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I'm getting the following error and can't for the life of me figure out what I'm doing wrong.

$ gcc main.c -o main

Undefined symbols:
  "_wtf", referenced from:
      _main in ccu2Qr2V.o
ld: symbol(s) not found
collect2: ld returned 1 exit status


#include <stdio.h>
#include "wtf.h"



void wtf();


void wtf(){
    printf("I never see the light of day.");

Now, if I include the entire function in the header file instead of just the signature, it complies fine so I know wtf.h is being included. Why doesn't the compiler see wtf.c? Or am I missing something?


share|improve this question
You never told the compiler to compile wtf.c. That's why. – Michael Foukarakis Jun 4 '10 at 7:03
Yeah, I come from the land of magic and unicorns so I just assumed that having the implementation named the same as the header would allow the compiler to find both. – Chris Cummings Jun 4 '10 at 7:28
up vote 6 down vote accepted

You need to link wtf with your main. Easiest way to compile it together - gcc will link 'em for you, like this:

gcc main.c wtf.c -o main

Longer way (separate compilation of wtf):

gcc -c wtf.c
gcc main.c wtf.o -o main

Even longer (separate compilation and linking)

gcc -c wtf.c
gcc -c main.c
gcc main.o wtf.o -o main

Instead of last gcc call you can run ld directly with the same effect.

share|improve this answer
So what's stopping me from just doing the following? #include <stdio.h> #include "wtf.h" #include "wtf.c" It feels unpleasant but so does the idea of having to include an argument for every implementation when I run gcc. – Chris Cummings Jun 4 '10 at 7:24
@j33r: Presumably nothing is stopping you. We, who we need to earn money writing C++ code for a living, however, have our fellow-workers to stop us doing so, in order to protect their sanity. (And if you really didn't know: One of the key features of C is separate compilation. Among other things it allows us to deal with the insanely compile-times the preprocessor file inclusion comes with. And then there's also information hiding, encapsulation and other nice - and, unfortunately, often underrated - principles.) – sbi Jun 4 '10 at 7:37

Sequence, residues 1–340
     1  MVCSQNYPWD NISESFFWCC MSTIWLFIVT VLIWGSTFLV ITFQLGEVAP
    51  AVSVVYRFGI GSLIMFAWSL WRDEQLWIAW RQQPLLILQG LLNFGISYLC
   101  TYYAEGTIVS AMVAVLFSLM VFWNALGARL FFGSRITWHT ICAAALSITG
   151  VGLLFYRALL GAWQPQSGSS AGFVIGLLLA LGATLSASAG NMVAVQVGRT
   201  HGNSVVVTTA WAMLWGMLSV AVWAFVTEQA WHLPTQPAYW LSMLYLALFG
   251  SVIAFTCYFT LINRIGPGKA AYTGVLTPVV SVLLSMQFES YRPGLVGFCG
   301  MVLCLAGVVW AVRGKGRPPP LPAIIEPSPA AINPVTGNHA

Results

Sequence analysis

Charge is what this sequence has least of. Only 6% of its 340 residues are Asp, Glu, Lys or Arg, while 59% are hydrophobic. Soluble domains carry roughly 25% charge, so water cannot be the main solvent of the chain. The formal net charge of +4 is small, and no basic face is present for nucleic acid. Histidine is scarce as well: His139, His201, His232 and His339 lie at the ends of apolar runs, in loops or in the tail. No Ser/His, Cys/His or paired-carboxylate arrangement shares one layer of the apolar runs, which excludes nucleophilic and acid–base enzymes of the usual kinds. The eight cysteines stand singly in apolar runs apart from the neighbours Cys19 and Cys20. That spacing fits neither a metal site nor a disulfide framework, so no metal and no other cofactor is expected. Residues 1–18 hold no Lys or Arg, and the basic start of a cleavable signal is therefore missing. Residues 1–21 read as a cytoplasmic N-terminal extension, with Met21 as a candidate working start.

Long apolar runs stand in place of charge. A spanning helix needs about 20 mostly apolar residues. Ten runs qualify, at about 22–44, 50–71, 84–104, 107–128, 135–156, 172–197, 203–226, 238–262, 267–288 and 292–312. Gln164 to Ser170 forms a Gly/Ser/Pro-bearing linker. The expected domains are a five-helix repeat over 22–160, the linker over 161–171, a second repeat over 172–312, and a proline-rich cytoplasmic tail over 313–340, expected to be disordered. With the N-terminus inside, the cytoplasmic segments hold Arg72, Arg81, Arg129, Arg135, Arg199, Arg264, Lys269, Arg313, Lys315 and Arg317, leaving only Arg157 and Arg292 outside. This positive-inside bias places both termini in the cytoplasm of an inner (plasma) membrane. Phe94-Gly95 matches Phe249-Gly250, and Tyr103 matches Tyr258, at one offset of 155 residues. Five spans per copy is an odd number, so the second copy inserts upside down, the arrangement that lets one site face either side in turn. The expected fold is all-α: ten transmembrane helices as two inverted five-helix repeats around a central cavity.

@j33r: At the point where your program has more than one .c file, it's time to write a simple Makefile to build it. – caf Jun 4 '10 at 8:00

You are missing the fact that merely including a header doesn't tell the compiler anything about where the actual implementation (the definitions) of the things declared in the header are.

They could be in a C file next to the one doing the include, they could come from a pre-compiled static link library, or a dynamic library loaded by the system linker when reading your executable, or they could come at run-time user programmer-controlled explicit dynamic loading (the dlopen() family of function in Linux, for instance).

C is not like Java, there is no implicit rule that just because a C file includes a certain header, the compiler should also do something to "magically" find the implementation of the things declared in the header. You need to tell it.

share|improve this answer
You're exactly right. I was assuming that as long as the header file and the implementation were named the same that the compiler would find both when I included the header. – Chris Cummings Jun 4 '10 at 7:20
This explanation for why separate compilation is a feature is quite useful. Thanks. – gwg Dec 30 '14 at 1:54

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